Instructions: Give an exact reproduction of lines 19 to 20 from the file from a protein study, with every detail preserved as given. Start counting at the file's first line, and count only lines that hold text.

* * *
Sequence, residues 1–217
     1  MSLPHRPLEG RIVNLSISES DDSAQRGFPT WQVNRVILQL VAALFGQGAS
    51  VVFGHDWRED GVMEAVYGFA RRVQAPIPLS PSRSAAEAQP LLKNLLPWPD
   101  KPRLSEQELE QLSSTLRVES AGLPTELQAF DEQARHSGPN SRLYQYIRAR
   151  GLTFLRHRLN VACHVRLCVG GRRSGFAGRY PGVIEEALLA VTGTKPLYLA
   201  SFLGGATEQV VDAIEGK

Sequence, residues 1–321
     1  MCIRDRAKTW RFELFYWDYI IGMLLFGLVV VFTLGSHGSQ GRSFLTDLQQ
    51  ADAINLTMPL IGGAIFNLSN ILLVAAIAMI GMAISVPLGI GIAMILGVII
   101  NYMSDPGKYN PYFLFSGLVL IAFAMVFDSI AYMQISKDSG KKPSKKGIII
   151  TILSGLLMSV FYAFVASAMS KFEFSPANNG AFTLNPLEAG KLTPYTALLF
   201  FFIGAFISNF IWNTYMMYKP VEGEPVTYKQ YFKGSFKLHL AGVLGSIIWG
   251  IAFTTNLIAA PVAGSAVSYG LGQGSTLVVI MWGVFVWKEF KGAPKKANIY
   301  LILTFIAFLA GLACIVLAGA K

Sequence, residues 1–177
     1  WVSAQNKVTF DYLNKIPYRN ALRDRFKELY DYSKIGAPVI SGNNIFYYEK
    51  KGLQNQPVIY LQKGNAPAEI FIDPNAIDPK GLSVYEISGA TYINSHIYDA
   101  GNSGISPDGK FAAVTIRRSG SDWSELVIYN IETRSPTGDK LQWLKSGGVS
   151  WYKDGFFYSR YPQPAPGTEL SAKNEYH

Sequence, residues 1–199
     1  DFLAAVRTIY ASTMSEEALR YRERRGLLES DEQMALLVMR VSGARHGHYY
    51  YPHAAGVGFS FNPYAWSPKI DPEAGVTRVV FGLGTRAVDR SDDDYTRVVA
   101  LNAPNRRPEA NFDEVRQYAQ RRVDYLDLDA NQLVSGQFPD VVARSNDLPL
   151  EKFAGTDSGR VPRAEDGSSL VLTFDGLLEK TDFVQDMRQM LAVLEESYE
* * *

   151  WYKDGFFYSR YPQPAPGTEL SAKNEYH

Sequence, residues 1–199